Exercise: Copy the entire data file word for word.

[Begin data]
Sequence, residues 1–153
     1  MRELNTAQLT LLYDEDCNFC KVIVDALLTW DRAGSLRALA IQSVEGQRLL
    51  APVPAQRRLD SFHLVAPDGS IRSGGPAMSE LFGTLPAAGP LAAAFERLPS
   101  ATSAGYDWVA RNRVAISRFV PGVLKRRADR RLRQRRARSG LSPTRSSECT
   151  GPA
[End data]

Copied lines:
Sequence, residues 1–153
     1  MRELNTAQLT LLYDEDCNFC KVIVDALLTW DRAGSLRALA IQSVEGQRLL
    51  APVPAQRRLD SFHLVAPDGS IRSGGPAMSE LFGTLPAAGP LAAAFERLPS
   101  ATSAGYDWVA RNRVAISRFV PGVLKRRADR RLRQRRARSG LSPTRSSECT
   151  GPA